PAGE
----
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Next-generation Avenger   (Source: U.S. Air Force)
Next-generation drone will be used in Iraq and Afghanistan

The possible successor of the U.S. Air Force's MQ-9 Reaper recently made three official flights during testing.  General Atomics Aeronautical Systems, the same company that developed the Reaper and MQ-1 Predator, is responsible for developing the Predator C Avenger unmanned aerial vehicle.

The next-generation unmanned aerial vehicle is 41 ft. long and has a 66-foot wingspan, which is slightly bigger than the 36 ft. long Reaper.  Most notably, Avenger is jet-powered, allowing it to travel more than twice the speed of Reaper -- Avenger has flown as fast as 460 mph, while Reaper's top speed is 230 m.p.h.

Similar to Reaper, Avenger has been designed to carry 500-pound live bombs with GPS navigation and laser guidance kits utilized.  Up to 3,000 pounds of weapons and other technology can be carried on the craft.

"Following in the footsteps of the proven Predator B, Avenger adds yet another flexible and multi-mission capability to the Predator UAS series and is a testament to GA-ASI's continuing practice of developing and delivering proven unmanned aircraft to military customers," according to a General Atomics executive.

The Air Force and General Atomics haven't signed an official contract for the development of the Avenger, but it seems rather unlikely the new drone won't be incorporated into the A.F. fleet at some point in the near future.  General Atomics built both the Reaper and Predator without signed agreements from the U.S. government.

Drones have become increasingly important in Iraq and Afghanistan, as they are both cheaper and safer to go on attack and reconnaissance missions.  Furthermore, drones such as Predator are used to help create "patterns-of-life analysis" footage to help monitor individual Iraqis and Afghans who may launch attacks from crowds of civilians.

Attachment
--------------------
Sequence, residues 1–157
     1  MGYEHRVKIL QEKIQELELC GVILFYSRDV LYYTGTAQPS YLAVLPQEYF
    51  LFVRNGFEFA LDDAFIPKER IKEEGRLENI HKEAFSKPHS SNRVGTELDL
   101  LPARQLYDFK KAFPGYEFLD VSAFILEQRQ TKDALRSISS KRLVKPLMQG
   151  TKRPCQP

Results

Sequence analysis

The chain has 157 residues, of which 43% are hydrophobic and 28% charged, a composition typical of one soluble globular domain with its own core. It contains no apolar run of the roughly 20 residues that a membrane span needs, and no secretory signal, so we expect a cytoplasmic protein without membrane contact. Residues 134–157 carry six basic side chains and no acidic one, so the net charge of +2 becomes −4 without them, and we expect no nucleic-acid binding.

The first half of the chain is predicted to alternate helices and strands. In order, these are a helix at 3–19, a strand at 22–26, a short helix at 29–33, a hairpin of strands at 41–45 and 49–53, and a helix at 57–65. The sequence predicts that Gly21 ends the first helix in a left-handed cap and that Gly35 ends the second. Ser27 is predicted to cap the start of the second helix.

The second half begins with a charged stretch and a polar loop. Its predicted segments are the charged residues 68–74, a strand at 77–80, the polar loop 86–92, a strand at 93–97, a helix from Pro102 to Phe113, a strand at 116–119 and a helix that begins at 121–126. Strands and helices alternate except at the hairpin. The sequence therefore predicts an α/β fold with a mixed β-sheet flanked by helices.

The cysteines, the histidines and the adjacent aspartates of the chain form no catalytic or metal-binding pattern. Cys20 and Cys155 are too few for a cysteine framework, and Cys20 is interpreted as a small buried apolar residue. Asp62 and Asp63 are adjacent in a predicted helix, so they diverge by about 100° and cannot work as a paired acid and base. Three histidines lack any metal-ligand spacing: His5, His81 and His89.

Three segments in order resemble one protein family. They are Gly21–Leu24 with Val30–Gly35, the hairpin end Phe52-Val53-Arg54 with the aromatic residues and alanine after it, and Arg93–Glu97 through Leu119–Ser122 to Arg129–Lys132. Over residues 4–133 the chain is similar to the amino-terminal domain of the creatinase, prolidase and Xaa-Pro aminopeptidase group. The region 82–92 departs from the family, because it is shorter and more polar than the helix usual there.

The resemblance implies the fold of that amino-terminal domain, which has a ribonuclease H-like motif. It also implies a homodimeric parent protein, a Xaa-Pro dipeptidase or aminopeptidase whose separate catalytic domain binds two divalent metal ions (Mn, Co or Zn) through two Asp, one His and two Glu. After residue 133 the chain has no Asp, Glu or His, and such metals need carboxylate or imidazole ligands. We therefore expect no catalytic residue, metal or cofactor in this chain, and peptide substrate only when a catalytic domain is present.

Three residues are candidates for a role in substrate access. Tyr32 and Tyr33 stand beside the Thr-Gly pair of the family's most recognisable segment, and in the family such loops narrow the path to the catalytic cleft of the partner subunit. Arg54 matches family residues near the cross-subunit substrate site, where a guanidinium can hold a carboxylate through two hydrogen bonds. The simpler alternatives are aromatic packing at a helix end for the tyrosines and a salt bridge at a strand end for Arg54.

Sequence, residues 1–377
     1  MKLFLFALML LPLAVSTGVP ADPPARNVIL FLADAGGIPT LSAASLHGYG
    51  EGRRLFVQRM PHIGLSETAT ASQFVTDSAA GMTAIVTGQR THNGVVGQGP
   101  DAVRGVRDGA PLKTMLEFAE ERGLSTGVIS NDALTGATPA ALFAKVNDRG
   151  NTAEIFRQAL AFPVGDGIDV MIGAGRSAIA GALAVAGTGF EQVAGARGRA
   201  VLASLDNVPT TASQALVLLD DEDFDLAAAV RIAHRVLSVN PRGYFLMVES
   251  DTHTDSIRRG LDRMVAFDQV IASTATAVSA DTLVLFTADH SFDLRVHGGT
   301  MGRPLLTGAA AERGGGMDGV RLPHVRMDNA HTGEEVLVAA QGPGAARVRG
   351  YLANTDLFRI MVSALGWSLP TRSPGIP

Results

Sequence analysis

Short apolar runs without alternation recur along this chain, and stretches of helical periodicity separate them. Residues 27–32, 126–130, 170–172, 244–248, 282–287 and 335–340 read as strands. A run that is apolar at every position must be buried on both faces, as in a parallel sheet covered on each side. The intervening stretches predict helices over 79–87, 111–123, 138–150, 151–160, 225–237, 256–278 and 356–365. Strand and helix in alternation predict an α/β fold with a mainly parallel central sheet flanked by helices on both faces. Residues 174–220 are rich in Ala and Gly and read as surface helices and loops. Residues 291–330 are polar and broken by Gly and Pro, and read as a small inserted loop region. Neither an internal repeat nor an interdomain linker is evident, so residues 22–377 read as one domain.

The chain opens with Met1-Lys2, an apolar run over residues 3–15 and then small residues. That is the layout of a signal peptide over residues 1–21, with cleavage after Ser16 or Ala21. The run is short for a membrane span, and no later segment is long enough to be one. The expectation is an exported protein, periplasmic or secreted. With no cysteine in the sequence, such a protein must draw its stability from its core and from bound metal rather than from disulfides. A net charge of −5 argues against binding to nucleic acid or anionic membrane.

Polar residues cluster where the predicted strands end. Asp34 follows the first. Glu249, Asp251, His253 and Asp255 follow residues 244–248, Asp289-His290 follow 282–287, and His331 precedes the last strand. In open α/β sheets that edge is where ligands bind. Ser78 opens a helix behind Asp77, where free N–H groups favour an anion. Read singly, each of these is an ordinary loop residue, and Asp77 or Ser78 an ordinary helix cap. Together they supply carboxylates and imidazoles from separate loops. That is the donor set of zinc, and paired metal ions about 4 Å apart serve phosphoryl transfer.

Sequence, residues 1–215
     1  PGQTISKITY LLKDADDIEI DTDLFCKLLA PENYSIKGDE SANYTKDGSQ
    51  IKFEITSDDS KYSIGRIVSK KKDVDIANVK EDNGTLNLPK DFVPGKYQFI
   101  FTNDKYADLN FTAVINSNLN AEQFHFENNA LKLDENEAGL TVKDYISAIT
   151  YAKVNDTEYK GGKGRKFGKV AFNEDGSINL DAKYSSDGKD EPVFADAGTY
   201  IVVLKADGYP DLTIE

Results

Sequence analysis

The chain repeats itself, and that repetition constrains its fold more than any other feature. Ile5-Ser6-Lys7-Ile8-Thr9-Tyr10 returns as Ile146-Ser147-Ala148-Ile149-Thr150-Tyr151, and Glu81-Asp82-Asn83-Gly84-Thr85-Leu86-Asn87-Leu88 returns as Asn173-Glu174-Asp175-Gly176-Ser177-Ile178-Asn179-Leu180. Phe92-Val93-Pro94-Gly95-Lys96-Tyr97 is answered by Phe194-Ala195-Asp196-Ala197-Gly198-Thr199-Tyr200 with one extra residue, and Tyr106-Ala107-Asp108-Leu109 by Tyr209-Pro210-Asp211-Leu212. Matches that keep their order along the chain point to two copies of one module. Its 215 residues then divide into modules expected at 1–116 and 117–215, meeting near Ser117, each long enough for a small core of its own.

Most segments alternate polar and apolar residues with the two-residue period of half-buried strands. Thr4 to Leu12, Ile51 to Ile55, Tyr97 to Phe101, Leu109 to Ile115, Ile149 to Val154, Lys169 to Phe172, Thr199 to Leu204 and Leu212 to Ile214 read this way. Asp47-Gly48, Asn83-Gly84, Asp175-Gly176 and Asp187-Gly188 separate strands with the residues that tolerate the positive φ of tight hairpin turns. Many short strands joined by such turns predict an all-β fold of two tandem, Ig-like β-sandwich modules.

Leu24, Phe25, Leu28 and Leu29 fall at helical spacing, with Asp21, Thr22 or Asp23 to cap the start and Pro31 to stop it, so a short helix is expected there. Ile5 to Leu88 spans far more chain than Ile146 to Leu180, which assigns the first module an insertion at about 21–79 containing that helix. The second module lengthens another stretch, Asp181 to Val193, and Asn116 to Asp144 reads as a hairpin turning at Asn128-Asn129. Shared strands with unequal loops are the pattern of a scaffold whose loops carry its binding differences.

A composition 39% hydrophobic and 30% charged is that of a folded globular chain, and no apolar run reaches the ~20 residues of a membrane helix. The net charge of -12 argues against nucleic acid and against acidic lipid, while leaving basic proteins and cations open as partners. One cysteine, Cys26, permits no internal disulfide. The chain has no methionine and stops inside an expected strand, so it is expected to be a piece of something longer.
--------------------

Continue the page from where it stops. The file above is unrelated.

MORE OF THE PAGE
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RE: A slow march to somewhere
By BruceLeet on 4/29/2009 3:34:46 PM , Rating: 2
Don't forget who the U.S. is using these UAVs against, they are not using it against a country with an airforce. The people its being used against can't shoot these things down.

Any airforce can shoot these things down. Until there's an "E.D.I - UCAV" as I'm sure is what you were thinking about when you posted then you can be worried.

I'm sure there will never be a 'mechanized battlefield', at least in our lifetime. And if there ever will be which I doubt, we'll all be long gone before then with no worries.

RE: A slow march to somewhere
By FPP on 4/29/2009 4:09:13 PM , Rating: 2
Correct. People read this ans conclude that UACV's are on par with manned planes, when they are really far more vulnerable by any developed nation. The secure satellite links required could be compromised and any credible air force could severely hamper their use. Nonetheless, these will morph, over time, into formidable weapons and the cheaper they get, the more they will proliferate.

RE: A slow march to somewhere
By elgoliath on 4/30/2009 4:45:11 PM , Rating: 2
I'd say they are better than manned airplanes to a point. A manned plane is in part a hindrance due to the fact it has a person onboard and is thus limited in what it can do in regards to aerobatics and it has to compensate for the weight/mass of the pilot, his gear and controls.

An unmanned plane has no such limitations.

RE: A slow march to somewhere
By FPP on 5/1/2009 5:43:44 PM , Rating: 2
Sure, until you reach a tech-savvy enemy who will jam it's satellite links, and compromise it's sensors. This is what the Chinese are spending their defense dollars on i.e. ASAT weapons, space interdiction, all in an effort to whack our command and control cpability.

Manned planes have a person who can improvise and adapt and have fewer limitations when sensor tech goes awry. They can bring the vehicle back along with the lesson and further adapt.

That being the case, I'd suggest you need both.

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